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Re: [Linux-cluster] Repeated fencing



As far as I recall the docs say a switch is needed that is capable of IGMP etc. There must be issues with cross cables, if that is correct.

I did not investigate further and took an old cisco 2950 (you can by masses of used ones on ebay very cheap) and configured it according to docs.

To avoid the switch being the SPOF you can use 2 3750s with extended image, they can use LACP to bond links connected to both of them. That gets a bit more expensive then, admittedly, but even those should be available on ebay.

Dirk


Am 22.02.10 20:53, schrieb Doug Tucker:
We did.  It's problematic when you need to reboot a switch or it goes
down.  They can't talk and try to fence each other.  Crossover cable is
a direct connection, actually far more efficient for what you are trying
to accomplish.


On Mon, 2010-02-22 at 11:57 -0600, Paul M. Dyer wrote:
Crossover cable??????

With all the $$ spent, try putting a switch between the nodes.

Paul

----- Original Message -----
From: "Doug Tucker"<tuckerd lyle smu edu>
To: linux-cluster redhat com
Sent: Monday, February 22, 2010 10:15:49 AM (GMT-0600) America/Chicago
Subject: [Linux-cluster] Repeated fencing

We have a 2 4.x cluster that has developed an issue we are unable to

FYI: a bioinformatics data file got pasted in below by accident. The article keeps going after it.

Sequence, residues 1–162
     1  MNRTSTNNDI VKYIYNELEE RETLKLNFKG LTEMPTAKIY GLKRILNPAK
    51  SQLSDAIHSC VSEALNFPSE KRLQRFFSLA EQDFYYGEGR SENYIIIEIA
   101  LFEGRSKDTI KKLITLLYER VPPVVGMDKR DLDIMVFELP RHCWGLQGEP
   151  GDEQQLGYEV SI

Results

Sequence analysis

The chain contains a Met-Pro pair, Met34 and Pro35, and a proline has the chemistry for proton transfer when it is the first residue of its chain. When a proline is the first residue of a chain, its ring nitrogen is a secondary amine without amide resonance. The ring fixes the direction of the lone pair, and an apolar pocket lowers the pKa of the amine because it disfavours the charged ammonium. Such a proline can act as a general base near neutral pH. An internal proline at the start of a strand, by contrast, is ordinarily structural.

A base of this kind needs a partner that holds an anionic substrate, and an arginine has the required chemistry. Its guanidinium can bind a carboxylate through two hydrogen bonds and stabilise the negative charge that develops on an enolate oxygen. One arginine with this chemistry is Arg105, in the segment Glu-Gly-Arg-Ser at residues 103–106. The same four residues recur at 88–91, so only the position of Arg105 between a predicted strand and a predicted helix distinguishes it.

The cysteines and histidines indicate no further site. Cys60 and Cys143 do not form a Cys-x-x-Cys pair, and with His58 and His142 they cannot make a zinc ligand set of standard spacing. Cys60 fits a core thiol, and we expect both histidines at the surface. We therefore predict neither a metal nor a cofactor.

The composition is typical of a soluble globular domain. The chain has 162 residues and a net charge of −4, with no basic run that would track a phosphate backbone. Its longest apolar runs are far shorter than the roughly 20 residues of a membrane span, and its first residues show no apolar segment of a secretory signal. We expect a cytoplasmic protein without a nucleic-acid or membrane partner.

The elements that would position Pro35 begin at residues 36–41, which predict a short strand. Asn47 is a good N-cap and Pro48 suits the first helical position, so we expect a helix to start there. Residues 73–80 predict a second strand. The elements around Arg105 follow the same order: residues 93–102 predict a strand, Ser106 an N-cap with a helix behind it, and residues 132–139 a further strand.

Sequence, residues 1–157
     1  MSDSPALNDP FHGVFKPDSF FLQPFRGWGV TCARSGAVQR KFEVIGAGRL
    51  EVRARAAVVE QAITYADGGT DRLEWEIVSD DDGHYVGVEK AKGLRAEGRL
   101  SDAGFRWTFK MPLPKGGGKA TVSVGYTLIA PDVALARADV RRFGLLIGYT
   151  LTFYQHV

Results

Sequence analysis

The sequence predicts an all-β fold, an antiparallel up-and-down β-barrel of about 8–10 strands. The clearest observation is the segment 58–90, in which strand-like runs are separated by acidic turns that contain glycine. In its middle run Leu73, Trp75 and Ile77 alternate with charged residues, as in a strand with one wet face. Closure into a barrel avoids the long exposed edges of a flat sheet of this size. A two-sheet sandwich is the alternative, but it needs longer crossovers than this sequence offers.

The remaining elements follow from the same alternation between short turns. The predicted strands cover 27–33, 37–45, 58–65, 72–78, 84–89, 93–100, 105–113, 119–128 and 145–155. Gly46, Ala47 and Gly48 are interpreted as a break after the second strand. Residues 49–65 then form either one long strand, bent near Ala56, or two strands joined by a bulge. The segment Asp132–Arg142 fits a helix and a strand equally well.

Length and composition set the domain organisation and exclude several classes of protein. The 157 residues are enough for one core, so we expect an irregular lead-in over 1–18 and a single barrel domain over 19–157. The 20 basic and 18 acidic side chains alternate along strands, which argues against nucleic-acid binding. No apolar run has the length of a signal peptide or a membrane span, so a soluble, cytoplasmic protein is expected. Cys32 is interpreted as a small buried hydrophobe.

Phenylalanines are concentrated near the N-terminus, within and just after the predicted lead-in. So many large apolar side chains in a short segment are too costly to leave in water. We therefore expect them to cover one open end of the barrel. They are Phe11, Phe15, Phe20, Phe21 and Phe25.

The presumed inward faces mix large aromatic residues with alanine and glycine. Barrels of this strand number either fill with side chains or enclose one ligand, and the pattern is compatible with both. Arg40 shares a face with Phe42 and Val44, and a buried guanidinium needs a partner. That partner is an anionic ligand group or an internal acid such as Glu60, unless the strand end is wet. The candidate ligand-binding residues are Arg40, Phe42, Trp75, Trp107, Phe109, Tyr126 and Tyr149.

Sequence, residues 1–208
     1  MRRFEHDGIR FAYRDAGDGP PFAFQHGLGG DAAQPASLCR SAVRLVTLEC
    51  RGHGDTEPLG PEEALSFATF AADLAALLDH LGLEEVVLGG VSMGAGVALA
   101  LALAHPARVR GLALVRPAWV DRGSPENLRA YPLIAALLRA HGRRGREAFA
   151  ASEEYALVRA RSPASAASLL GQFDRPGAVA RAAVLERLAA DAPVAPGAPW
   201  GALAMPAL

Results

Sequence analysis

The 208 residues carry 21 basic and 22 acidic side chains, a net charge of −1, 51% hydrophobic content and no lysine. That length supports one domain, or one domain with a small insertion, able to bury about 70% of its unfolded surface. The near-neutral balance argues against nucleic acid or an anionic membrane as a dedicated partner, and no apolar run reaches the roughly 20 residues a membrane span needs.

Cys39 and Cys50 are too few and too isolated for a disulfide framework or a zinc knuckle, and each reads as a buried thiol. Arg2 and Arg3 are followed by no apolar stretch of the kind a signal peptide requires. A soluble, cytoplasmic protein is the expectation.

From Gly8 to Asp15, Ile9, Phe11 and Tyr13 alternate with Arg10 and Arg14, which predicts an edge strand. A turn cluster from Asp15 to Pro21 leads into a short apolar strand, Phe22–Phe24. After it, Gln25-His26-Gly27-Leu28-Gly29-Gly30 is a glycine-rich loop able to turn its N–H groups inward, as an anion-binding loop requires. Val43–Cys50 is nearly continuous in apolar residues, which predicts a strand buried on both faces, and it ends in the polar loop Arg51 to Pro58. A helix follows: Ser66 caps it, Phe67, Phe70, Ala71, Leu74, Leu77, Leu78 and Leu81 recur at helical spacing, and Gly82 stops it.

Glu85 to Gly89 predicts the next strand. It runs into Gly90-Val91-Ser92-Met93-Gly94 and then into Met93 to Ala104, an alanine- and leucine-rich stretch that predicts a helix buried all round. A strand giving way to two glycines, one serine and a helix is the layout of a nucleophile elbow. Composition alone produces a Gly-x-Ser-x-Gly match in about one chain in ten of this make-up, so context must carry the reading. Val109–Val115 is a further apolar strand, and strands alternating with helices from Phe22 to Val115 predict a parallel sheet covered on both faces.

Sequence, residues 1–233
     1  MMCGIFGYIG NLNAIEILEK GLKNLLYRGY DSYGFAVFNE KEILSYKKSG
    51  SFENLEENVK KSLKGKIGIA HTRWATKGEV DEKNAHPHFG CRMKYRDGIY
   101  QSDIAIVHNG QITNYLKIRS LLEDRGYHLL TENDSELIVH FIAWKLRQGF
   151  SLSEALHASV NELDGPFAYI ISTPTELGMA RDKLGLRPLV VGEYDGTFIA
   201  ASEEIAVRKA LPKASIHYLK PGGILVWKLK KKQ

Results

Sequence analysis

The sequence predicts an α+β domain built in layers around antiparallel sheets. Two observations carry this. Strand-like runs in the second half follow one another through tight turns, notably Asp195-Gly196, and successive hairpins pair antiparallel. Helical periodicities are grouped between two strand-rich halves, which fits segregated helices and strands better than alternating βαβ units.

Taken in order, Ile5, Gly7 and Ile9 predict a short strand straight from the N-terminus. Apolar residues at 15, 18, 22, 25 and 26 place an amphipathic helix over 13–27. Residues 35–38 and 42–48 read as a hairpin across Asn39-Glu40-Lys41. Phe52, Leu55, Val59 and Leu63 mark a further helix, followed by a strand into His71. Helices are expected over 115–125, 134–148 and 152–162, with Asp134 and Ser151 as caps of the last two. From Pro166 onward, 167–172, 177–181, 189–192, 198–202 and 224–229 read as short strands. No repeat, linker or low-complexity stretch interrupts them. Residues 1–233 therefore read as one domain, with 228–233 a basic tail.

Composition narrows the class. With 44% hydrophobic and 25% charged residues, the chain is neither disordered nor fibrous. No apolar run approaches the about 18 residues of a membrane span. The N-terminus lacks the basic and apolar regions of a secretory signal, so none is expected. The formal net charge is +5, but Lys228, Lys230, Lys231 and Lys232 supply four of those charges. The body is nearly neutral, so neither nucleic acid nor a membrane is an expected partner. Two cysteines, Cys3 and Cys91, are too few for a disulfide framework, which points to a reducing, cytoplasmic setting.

resolve.  Starting back in December, the nodes began fencing each other
randomly, and as frequently as once a day.  There is nothing at the
console prior to it happening, and nothing in the logs.  We have not
been able to develop any pattern to this point, the 2 nodes appear to be
functioning fine, and suddenly in the logs a message will appear about
"node x missed too many heartbeats" and the next thing you see is it
fencing the node.  Thinking we possibly had a hardware issue, we
replaced both nodes from scratch with new machines, the problem
persists.  The cluster communication is done via a crossover cable on
eth1 on both devices with private ip's.  We have a 2nd cluster that is
not having this issue, and both nodes have been up for over 160 days.
The configuration is basically identical to the problematic cluster.
The only difference between the 2 now is the newer hardware on the
problematic node (prior, that was identical), and the kernel.  The
non-problematic cluster is still running kernel 89.0.9 and the
problematic cluster is on 89.0.11.  We are afraid at this point to allow
our non problematic cluster upgrade to the latest packages.  Any insight
or advice would be greatly appreciated, we have exhausted our ideas
here.

Sincerely,

Doug

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